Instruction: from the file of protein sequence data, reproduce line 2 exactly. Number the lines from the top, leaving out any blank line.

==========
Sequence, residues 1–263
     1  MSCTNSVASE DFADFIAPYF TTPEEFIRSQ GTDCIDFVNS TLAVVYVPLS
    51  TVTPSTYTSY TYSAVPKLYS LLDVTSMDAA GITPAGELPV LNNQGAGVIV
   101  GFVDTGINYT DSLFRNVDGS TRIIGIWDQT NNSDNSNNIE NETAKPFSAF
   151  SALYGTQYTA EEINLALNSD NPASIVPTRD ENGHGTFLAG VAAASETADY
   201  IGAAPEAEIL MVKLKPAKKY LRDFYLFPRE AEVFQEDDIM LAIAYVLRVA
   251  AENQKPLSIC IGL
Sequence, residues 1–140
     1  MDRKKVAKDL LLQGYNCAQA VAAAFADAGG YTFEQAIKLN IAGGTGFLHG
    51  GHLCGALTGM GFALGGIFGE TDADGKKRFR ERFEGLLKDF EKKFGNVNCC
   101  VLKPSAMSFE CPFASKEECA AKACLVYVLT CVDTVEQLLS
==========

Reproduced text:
     1  MSCTNSVASE DFADFIAPYF TTPEEFIRSQ GTDCIDFVNS TLAVVYVPLS